Coronation of Supangmung
Ahom king Jayadhawaj Singha, popular as Sutamla, had no sons and thus the Saring Raja was brought by the nobles to rule over the kingdom. He was the grandson of Suleng Deoraja (a former Saring Raja), the cousin of Jayadhwaj Singha and also the second son of Suhungmung. The Deodhais of the kingdom named him Supangmung. He had however also adopted a Hindu name Chakradhawaj Singha. During his coronation, an envoy was sent by the Jaintia Raja to congratulate the king. The Koch Raja of Darrang also did the same for restoring amicable relations with the Ahoms, after his support to Mir Jumla in his invasions, which led to their hostile relations. A robe of honour, known as 'khelat', was presented by the Mughal Emperor Aurangzeb to the Ahom king and it was insisted to the king to put it on in presence of the envoys. This was taken as a humiliation by Supangmung.
Expedition of Supangmung against Mughals
At the beginning of his reign, Supangmung started the repair work of the forts situated at Patakallangand and Samdhara and restored the efficiency of his army. In the year 1665 the king decided to recapture the western Assam by expelling Mughals from this region and assembled the nobles and ministers to device plans in favour of this. In early 1667, he received a strong worded letter by Saiad Firuz Khan, the successor of Rashid Khan as Thanadar of Guwahati, for the payment of indemnity balance which was outstanding. After receiving the letter Supangmung strongly decided to battle against Mughals.
By August 1667, the Ahoms completed their preparation for the expedition against the Mughals and well equipped soldiers were sent for the mission under the commandership of Lachit Borphukan. The commanders of the mission were given valuable gifts by the king. On 2nd November 1667, Ahoms succeeded in capturing Itakhuli along with the contiguous garrison of Guwahati. They seized the horses, elephant, coins, guns and other artefacts belonging to the imperial stores of Guwahati. Afterwards they chased the Mughals up to the Manas River which was the former boundary of Assam and Mughal India. The Ahom army also succeeded in setting the Assamese captives free from the clutches of Mughal Empire, who were imprisoned since the expedition of Mir Jumla. Thus, owing to the determination of Supangmung, within two months, the Ahoms once again recovered their lost territories and regained their glory and prestige.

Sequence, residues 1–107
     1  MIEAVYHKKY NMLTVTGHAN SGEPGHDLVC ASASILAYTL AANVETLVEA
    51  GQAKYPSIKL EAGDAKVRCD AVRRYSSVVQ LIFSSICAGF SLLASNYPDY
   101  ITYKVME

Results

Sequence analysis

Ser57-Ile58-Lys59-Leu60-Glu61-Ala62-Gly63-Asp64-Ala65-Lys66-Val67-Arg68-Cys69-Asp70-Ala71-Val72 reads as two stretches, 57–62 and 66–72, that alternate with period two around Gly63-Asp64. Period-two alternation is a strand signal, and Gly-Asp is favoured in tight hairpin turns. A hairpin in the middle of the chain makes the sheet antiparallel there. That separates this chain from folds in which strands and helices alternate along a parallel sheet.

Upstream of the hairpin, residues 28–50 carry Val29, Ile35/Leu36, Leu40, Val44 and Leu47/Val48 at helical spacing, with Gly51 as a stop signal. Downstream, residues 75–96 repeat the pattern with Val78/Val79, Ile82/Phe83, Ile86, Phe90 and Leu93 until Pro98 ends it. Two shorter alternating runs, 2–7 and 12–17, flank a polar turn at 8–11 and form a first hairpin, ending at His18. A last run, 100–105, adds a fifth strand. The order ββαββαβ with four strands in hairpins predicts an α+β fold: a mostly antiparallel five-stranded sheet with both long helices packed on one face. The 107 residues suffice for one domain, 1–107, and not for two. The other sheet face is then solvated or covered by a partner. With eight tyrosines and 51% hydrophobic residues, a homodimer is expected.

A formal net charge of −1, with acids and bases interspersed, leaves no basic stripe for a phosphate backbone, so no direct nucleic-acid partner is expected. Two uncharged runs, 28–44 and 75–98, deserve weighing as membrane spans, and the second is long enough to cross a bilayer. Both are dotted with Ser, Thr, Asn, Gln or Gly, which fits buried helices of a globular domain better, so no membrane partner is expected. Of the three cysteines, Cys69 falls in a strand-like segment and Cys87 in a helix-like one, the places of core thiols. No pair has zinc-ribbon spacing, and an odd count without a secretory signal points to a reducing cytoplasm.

Administration of Supangmung
People of Ahom kingdom regarded Supangmung as the ideal monarch who bestowed energy and inspiration on the people. On the other hand, Lachit Barphukan, also considered himself fortunate enough for having him as the king of the state. The self respect and patriotism possessed by this king was unmatched in the history of Assam. However at the start of his reign, he had suffered substantial shame due to the preceding regime. Supangmung himself supervised the preparations of his army for the expeditions. He himself trained the archers and ordered the army to proceed for the expedition when he felt satisfied with the preparations.
Supangmung also acquired the support and cooperation of neighbouring chiefs by sending those letters about his plans. Those letters clearly narrated his patriotism towards his kingdom. The best example of the intelligence and wisdom of Supangmung was evident in his selection of Lachit Barphukan as the commander of his army who succeeded in accomplishing the mission. In the expedition, his Prime Minister Atan Burhagohain, who was known to be an adept soldier, a military engineer and a diplomat, was also sent to accompany the commander. When all the best folks of his kingdom were sent to the expedition, Supangmung smoothly managed the internal affairs of the kingdom. The king also gave logistic support to his army by providing those arms, food and men from his capital.
After capturing Guwahati, Supangmung organized and streamlined the system of administration and revenue collection of lower Assam which was supervised by senior officers, Rajkhowas and Phukans. His systems were greatly influenced by the Mughals. The king also maintained efficiency in civil administration of the country.
Death of Supangmung
The long war had greatly exhausted Supangmung, both physically and mentally and in April 1670, a year before the battle of Saraighat, he died. Unfortunately the king could not see his ultimate victory at the battle of Saraighat that led to the end of the plans of Mughals to expand their territory towards eastern India.
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